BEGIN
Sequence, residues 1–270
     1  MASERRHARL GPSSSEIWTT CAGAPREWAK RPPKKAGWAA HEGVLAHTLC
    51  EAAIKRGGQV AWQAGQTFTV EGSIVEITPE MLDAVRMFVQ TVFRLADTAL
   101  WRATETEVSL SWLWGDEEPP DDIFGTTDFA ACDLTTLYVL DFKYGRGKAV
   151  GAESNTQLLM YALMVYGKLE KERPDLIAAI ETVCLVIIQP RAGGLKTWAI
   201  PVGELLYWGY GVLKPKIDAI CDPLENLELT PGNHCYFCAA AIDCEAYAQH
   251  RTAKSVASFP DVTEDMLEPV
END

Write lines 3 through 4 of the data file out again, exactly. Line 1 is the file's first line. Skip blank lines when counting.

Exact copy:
    51  EAAIKRGGQV AWQAGQTFTV EGSIVEITPE MLDAVRMFVQ TVFRLADTAL
   101  WRATETEVSL SWLWGDEEPP DDIFGTTDFA ACDLTTLYVL DFKYGRGKAV